Thu Sep 21 11:29:15 PDT 2017
Quoting Michael Paoli (Michael.Paoli@cal.berkeley.edu):
> The the exim4 + eximconfig configuration is pretty darn good about
> blocking spam ... but it's not quite 100%.
You can't get very close to 100%. Doing so would work you as the admin
ragged, probably increase server load a lot (depending on how you did
it), and risk creating a (greater) false positive problem. One of my
rules for living is 'If you find yourself trying to outwork bots, you're
solving the wrong problem.'
The nice thing about attempting to block particular patterns via Exim4
rulesets in contrast to spamd (SpamAssassin) ones is that they don't
chew up machine resources (RAM, CPU) as much as does the big, slow Perl
daemon that is spamd. OTOH, SpamAssassin regexes are awfully expressive
and convenient. As a rough rule of thumb, I try to use Exim4 tricks to
reject 90+% of the attempted spam/junkmail/malware deliveries, and spamd
to sort out the remainder. Basically, Exim-level processing does the
heavy lifting. spamd does cleanup.
> Unsolicited Commercial Email (UCE) spam - from senders/businesses that
> might otherwise be/seem quite legitimate, but are sending email that's
> very much unsolicited, not confirmed opt-in, typically in violation of
> relevant regulations, etc. regarding anti-spam ... but they're sending
> anyway (they ought be hit by a clue-by-four). And also not a
> "Joe job" - someone/something impersonating an otherwise legitmate
> sender (spoofed). So ... for the few of those (I think about two thus
> far), I added their domains to be blocked by exim4 + eximconfig as spam.
At some potential cost in false positives, as I'm sure you are aware.
Ideally, those domains' legitimate operators would signal their
legitimate mail sender IPs using SPF or (ugh!) DMARC. But as we know,
adoption of antiforgery technology will never be 100%, nor 100% correct.
> And the others ... sufficiently well constructed to make it past the
> spam filters, but most likely fly-by-night spam operations - e.g. buy
> up some cheap or ultra-cheap domain, set up some DNS/email infrastructure,
> and ... start spamming. Not much to be done about those ... except,
> where they're yet another crud TLD I'd not already so added, added the
> TLD for explicit greylisting (e.g. TLD bid).
Greylisting works wonders because the spammers' motto is 'We do it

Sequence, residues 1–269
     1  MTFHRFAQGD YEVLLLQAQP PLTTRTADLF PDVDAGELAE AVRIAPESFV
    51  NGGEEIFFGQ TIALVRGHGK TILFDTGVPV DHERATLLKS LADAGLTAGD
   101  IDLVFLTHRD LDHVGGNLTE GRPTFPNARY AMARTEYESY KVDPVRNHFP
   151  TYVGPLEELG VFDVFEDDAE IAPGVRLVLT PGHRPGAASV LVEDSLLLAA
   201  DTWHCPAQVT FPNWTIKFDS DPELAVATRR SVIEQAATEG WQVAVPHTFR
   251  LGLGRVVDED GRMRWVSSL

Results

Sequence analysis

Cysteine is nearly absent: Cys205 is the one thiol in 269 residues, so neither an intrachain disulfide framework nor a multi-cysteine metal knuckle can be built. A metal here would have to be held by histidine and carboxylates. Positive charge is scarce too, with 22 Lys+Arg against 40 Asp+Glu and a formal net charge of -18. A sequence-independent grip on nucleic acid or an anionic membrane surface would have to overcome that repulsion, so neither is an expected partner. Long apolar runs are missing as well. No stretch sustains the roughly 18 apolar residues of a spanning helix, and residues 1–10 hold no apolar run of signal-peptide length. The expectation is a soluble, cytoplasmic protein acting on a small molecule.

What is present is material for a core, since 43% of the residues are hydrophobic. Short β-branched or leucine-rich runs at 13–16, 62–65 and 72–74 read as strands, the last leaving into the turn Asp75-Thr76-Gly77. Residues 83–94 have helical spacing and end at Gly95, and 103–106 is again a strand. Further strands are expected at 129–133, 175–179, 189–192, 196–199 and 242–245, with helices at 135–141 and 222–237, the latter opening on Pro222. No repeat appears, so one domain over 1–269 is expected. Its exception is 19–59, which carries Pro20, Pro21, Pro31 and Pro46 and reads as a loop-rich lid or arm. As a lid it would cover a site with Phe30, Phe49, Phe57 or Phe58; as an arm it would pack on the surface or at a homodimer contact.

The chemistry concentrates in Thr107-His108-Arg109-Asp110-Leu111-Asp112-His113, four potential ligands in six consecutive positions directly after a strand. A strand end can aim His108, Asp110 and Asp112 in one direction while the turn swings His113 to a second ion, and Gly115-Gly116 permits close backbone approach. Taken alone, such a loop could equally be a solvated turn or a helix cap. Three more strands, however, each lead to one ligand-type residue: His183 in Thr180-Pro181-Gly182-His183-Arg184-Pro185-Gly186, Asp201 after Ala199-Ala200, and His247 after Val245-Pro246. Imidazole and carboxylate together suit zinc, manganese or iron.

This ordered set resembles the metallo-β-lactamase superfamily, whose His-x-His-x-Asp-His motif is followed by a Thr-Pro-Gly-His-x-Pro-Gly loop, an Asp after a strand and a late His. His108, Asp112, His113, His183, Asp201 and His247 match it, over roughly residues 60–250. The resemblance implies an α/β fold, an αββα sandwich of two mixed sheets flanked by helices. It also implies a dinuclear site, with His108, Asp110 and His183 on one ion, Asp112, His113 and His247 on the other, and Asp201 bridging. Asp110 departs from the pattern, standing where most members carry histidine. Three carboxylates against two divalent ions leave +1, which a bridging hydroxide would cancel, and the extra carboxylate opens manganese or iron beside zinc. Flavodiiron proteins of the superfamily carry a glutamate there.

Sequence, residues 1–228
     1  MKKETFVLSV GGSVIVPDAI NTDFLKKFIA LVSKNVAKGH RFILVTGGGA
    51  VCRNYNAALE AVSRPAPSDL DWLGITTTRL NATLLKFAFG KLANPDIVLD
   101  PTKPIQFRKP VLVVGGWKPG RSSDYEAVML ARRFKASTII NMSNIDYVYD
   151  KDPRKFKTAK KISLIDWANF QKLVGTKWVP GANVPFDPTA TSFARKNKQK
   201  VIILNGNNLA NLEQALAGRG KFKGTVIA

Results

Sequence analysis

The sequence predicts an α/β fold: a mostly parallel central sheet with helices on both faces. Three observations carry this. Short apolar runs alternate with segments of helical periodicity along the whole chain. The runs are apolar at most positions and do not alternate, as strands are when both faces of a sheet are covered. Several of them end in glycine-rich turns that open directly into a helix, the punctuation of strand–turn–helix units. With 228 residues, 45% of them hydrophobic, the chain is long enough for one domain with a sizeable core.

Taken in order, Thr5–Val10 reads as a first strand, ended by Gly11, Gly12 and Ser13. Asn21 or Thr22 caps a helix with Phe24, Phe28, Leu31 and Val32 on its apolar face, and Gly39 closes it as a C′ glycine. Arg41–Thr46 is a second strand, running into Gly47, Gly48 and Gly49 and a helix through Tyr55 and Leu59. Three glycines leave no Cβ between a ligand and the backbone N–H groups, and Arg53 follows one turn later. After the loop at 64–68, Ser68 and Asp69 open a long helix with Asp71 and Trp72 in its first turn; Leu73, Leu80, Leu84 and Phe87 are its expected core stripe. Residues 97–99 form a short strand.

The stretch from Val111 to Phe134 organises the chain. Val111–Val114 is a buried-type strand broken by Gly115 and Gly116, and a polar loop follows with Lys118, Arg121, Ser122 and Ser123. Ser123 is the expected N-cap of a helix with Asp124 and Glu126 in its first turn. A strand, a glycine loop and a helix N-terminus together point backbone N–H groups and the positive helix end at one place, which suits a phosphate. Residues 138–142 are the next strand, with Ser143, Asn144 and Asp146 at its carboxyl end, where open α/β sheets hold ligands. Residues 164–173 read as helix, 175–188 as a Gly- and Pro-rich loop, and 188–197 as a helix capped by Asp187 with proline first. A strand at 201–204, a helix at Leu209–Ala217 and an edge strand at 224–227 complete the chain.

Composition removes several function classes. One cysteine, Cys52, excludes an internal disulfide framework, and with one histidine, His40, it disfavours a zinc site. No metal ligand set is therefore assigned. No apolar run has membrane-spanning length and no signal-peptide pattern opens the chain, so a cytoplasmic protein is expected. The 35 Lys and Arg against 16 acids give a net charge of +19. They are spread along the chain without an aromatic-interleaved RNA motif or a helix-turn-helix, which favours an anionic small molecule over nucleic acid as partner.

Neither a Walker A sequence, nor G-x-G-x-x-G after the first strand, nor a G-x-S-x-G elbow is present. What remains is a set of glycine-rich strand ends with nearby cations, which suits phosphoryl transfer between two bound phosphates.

stupidly, but we make it up in volume.' So, e.g., typically their bots
never follow up on SMTP 45x tempfails. Why bother? There's a whole
Internet full of target IPs to move on to.
Most new ICANN-blessed TLDs seem to originate zero legitimate mail, and
are used only for spam. Somewhere I read a study about that, probably
one I noticed cited on NANOG.
There's this, for starters: https://www.spamhaus.org/statistics/tlds/
Just the other day, I got legit mail from a .law domain, from my late
mother's estate and trusts law firm -- but that was a rare exception.
Most of the new ones seem to be so close to 100% junk for SMTP that you
could justifiably add an Exim4 rule hardfailing everything purporting to
come from them, and you could _definitely_ greylist those.
The gentler but higher-cost in RAM/CPU approach would be to create a
spamd rule adding (say) 2.0 to spamicity for all such highly suspect
About callouts: A few years ago, I mentioned the excellence of the
EximConfig callouts (formerly named callbacks) on Linux Users of
Victoria (Australia) main mailing list, and immediately drew operatic
objection from one guy, who claimed that the existence of callout
sessions in his MTA logs from linuxmafia.com meant that I was 'DoSing'
him, and (IIRC) threatened to list linuxmafia.com on a DNSBL. I vaguely
recall that one such DNSBL exists.
I attempted to placate the gentleman by pointing out that Exim4 with the
EximConfig rules doesn't do a callout _every_ time a claimed sender
domain is in arriving mail's envelope headers. It caches results from
prior callouts and uses those. As you can imagine, he did not regard
this as sufficiently pure in approximating his notion of Right and Just
Behaviour, and I was left with attempting to politely agree to disagree
(which of course doesn't always work well on the Internet, either).
Antispam is a difficult topic to discuss on LUG mailing lists, because
it tends to draw perspective-challenged cranks and monomanacs. Also,
famously, antispam drives many people deeply associated with it more
than a little cranky and perhaps drives them a little around the bend.
I know SMTP operators who've made what they allege to be a measured
decision to use (IIRC) BGP rules to null-route all traffic arriving from
ASNs corresponding to all of China, Korea, and Africa. Which strikes me
as breathtakingly judgemental, but Views Differ.[tm]
> Oh, random bit - I did see a very small percentage of list subscriber
> addresses that do callouts (as evidenced in the logs).
Yep, it's quietly becoming more common -- quietly because, if you talk
about doing it, even if you mention very infrequent occurrence on
account of using caching, 1/3 of the time there'll be someone who claims
you're a Bad Person who's DoSing everyone.
> And also, mailman has pretty good logs ... I don't have to worry too
> much about "oh, I just deleted all those spam emails ... what if I wanted
> to add some more anti-spam measure at SMTP time for them?" ... not an
> issue - can find most relevant bits about those held for moderation
> of post attempt from non-member in the mailman logs - at least for some
> reasonable period.
Log analysis of the Exim4 and Mailman logfiles is definitely your
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